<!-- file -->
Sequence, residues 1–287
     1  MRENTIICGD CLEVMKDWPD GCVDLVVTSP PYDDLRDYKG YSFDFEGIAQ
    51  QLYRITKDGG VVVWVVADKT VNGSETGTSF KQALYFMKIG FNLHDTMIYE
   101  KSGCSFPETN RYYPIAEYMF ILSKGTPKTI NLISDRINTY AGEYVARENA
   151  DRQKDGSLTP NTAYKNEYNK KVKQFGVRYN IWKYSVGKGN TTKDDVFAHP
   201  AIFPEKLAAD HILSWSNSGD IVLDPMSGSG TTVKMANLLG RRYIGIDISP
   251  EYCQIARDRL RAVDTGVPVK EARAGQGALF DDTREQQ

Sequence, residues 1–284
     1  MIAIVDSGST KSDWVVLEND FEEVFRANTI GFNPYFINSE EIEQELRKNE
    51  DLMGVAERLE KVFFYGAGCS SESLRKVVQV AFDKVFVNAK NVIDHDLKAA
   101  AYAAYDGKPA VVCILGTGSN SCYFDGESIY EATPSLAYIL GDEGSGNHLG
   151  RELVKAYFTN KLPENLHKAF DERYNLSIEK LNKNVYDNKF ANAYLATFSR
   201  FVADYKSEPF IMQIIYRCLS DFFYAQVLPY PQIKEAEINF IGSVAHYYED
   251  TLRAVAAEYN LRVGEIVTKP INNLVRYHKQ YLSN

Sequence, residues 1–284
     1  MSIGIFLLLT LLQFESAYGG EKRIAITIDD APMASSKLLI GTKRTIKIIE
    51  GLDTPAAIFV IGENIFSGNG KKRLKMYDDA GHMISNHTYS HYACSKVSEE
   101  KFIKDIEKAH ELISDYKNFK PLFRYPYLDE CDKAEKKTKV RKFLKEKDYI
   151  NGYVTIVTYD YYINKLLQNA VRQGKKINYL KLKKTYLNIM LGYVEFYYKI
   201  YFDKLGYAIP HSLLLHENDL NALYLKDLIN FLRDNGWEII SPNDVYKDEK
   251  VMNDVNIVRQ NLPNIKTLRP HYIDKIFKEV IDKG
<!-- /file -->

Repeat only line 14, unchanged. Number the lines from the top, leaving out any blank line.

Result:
   251  TLRAVAAEYN LRVGEIVTKP INNLVRYHKQ YLSN